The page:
Berry farmers in northern Finland are looking forward to welcoming more than the usual number of fruit harvesters this summer. With a plentiful crop expected this year, more hands will be needed to get the produce to market.
Businesses in Kainuu such as Kiantama, Ber-Ex and Kainuu Products have invited nearly 1,100 berry pickers to Finland to harvest the fruit in Kainuu, eastern Lapland and north east Finland.
The majority of pickers invited will come from Thailand, although this year some Ukrainians will also join the berry picking gangs. Due to the late maturity of the crop, some of the workers will arrive just one week before the start of the blueberry harvest.
Flights from Thailand to Finland have already been reserved and the first workers will arrive in a couple of weeks in time for the start of the picking season.
“The workers won’t have to pay for food or accommodation,” said Jari Valtanen of Kainuu Products. Most of its workers will come from Ukraine, the rest from Thailand. Its parent company Riitan-Herkku has recruited 700 workers for the harvest this year, compared to 610 last year. Some have also been recruited from nearby Sweden.
The Sami company Kiantama Ltd and the Sotkamo-based Ber-ex Ltd. have also enlisted the help of berry pickers from Thailand.
Latest in: News
Spanish nurses leaving Vaasa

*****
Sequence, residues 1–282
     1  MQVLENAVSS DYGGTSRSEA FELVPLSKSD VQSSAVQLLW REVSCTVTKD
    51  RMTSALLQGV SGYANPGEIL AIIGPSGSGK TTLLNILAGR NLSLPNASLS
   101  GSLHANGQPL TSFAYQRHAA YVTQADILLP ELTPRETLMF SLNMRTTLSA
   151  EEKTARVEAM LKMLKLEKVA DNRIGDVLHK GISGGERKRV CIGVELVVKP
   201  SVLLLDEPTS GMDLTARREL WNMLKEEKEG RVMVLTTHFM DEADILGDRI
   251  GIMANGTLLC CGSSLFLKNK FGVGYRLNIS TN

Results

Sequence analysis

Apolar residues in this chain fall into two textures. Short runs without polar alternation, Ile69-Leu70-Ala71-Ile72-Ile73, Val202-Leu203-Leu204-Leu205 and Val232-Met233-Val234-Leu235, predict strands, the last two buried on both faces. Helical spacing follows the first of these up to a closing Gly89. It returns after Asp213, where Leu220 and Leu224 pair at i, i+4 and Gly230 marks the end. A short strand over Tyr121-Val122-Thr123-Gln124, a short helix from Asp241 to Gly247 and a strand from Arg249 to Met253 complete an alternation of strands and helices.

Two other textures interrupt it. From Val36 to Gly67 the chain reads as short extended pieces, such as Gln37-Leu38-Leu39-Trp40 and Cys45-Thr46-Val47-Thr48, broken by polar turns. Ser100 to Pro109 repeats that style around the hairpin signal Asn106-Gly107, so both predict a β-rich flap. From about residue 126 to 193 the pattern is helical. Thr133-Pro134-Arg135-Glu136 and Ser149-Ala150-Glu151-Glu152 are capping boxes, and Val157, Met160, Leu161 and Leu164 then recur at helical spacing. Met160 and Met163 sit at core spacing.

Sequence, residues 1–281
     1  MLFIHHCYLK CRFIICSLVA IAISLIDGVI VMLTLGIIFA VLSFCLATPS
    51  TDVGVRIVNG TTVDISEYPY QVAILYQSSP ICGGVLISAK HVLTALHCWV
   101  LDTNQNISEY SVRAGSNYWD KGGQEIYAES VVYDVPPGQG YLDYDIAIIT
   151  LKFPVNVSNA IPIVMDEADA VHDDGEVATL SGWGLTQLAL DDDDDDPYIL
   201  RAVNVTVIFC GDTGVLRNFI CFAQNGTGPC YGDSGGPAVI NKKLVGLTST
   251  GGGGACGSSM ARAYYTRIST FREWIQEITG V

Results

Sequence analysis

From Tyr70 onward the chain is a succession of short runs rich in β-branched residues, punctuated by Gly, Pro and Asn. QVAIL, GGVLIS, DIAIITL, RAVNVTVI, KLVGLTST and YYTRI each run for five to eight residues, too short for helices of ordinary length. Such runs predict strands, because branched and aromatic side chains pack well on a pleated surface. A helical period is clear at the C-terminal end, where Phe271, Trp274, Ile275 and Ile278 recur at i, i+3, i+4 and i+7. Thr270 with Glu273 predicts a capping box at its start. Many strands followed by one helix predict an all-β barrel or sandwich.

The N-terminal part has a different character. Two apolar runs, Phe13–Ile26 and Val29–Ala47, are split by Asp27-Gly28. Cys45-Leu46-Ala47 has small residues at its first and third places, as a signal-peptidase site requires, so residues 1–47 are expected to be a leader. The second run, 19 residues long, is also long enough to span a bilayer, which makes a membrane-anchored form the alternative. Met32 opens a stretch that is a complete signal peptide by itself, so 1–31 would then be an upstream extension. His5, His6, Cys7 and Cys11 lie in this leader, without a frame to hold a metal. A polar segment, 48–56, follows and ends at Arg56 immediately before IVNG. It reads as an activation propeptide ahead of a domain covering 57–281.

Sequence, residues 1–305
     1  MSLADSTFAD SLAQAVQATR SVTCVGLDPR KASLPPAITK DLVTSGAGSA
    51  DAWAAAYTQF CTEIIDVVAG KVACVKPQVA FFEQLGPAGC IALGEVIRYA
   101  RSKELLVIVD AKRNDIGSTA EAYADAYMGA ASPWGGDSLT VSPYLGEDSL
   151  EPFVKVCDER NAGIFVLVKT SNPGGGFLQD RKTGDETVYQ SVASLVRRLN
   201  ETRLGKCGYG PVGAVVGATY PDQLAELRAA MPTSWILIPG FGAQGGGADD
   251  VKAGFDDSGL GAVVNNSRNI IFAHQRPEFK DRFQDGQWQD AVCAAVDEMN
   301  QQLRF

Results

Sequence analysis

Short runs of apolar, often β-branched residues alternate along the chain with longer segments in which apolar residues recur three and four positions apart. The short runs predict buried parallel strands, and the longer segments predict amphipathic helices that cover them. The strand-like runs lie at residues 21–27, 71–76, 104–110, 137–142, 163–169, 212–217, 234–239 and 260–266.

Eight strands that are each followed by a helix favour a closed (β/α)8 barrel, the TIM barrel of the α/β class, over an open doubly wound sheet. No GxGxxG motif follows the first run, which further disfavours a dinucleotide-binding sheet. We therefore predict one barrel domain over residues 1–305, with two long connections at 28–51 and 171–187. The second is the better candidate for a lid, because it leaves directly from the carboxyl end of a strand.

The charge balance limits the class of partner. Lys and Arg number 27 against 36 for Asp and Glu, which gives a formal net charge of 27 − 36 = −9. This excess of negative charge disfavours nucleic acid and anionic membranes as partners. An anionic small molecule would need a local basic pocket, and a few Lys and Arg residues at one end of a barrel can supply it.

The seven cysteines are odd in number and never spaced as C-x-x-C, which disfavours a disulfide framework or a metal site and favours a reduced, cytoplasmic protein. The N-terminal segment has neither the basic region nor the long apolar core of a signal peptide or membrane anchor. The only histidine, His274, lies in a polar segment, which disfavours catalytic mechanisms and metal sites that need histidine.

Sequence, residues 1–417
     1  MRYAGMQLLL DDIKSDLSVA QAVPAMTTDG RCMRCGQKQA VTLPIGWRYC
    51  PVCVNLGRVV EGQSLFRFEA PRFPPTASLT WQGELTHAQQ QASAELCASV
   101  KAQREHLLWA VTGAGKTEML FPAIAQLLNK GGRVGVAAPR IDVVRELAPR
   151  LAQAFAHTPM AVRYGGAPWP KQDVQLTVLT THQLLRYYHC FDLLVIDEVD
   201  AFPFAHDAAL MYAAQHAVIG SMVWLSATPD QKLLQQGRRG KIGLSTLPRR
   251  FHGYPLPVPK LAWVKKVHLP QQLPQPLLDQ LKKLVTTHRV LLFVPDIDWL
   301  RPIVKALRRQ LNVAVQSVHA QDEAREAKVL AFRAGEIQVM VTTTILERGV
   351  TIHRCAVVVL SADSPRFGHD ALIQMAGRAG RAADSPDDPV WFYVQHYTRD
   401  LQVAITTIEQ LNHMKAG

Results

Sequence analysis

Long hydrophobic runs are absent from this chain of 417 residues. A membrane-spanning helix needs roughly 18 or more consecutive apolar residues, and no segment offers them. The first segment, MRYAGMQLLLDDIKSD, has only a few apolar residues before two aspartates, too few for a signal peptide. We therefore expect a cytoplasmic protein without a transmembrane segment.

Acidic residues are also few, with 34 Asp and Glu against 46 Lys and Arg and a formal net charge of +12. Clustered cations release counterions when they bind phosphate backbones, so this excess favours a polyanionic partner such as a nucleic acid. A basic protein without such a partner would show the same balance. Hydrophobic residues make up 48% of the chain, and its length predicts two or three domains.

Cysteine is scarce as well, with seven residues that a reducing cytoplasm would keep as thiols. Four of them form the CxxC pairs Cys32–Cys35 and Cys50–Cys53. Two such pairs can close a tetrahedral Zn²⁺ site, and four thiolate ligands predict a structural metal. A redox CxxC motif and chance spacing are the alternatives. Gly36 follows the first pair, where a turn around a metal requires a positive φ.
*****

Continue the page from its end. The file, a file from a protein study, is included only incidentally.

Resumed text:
Five of eight Spanish nurses recruited to work in Vaasa's city hospital have decided to quit the jobs they took up in October and leave the country. The reasons they cite include the high cost of living, the cold climate, and the difficulty of the Finnish language.
Toxic spill in Helsinki's Mätäjoki River
A chemical discharge into Helsinki's Mätäjoki River has killed fish and possibly wiped out years of efforts to revive spawning grounds for endangered species.
Sikh bus driver fights for right to wear turban
Managing diversity in Finnish workplaces is raising new issues for employers, unions and workers themselves. One Sikh bus driver in Vantaa is currently fighting to set a precedent allowing him to wear a turban.
Veolia drivers to return to work
Bus drivers working for the Veolia company will return to work on Tuesday, bringing their week-long work stoppage to an end.
Finnish traffic cops set to miss out on Gumball speeding fine jackpot
Several contestants in the Gumball rally were stopped for speeding on Monday, on the Turku-Helsinki leg of their unorthodox race. Police say that despite their concerns, the drivers are likely to escape Finland’s hefty income-based fines.
Yle News building its freelance database
Yle News is building up a database of freelance journalists for occasional work in radio, television and online news production.
Jolla to sell new phone this year
A mobile firm founded by former Nokia employees is set to put a new smartphone on sale by the end of the year. The company, Jolla, was set up to continue working on an open source Linux-based smartphone when Nokia announced it was switching to the Windows Phone operating system.
Decline in church membership will cost jobs
In order to cope with decreasing membership, the Evangelical Lutheran Church will be forced to reduce its staff significantly in coming years. Many congregations are facing dire financial circumstances due to the reduction in the tax revenue that flows as a result of membership.
Finns Party women: Party is neither racist nor chauvinist
Both male and female representatives of the Finns Party claim that both their party and its leader are in favour of gender equality.
Vantaa bus drivers’ strike continues
Bus engines at the Veolia depot in Vantaa have been quiet for nearly one week, as bus drivers continue their work stoppage on Monday.